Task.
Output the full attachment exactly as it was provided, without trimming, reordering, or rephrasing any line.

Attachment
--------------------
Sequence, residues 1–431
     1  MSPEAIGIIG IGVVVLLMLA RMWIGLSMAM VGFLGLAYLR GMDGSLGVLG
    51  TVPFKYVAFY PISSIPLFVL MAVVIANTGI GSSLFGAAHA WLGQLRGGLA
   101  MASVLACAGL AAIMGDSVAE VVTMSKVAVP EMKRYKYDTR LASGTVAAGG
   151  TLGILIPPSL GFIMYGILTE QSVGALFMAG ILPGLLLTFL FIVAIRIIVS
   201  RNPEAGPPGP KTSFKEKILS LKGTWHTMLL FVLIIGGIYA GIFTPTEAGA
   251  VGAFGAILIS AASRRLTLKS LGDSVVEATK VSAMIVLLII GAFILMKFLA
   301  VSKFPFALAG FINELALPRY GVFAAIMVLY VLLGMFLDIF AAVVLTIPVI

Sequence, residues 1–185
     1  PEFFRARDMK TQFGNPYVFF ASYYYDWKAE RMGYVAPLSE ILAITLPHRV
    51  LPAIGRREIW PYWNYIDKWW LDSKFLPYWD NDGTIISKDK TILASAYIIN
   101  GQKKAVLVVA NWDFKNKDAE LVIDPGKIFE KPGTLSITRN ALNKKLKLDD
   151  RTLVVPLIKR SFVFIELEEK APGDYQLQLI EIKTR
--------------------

Sequence, residues 1–431
     1  MSPEAIGIIG IGVVVLLMLA RMWIGLSMAM VGFLGLAYLR GMDGSLGVLG
    51  TVPFKYVAFY PISSIPLFVL MAVVIANTGI GSSLFGAAHA WLGQLRGGLA
   101  MASVLACAGL AAIMGDSVAE VVTMSKVAVP EMKRYKYDTR LASGTVAAGG
   151  TLGILIPPSL GFIMYGILTE QSVGALFMAG ILPGLLLTFL FIVAIRIIVS
   201  RNPEAGPPGP KTSFKEKILS LKGTWHTMLL FVLIIGGIYA GIFTPTEAGA
   251  VGAFGAILIS AASRRLTLKS LGDSVVEATK VSAMIVLLII GAFILMKFLA
   301  VSKFPFALAG FINELALPRY GVFAAIMVLY VLLGMFLDIF AAVVLTIPVI

Sequence, residues 1–185
     1  PEFFRARDMK TQFGNPYVFF ASYYYDWKAE RMGYVAPLSE ILAITLPHRV
    51  LPAIGRREIW PYWNYIDKWW LDSKFLPYWD NDGTIISKDK TILASAYIIN
   101  GQKKAVLVVA NWDFKNKDAE LVIDPGKIFE KPGTLSITRN ALNKKLKLDD
   151  RTLVVPLIKR SFVFIELEEK APGDYQLQLI EIKTR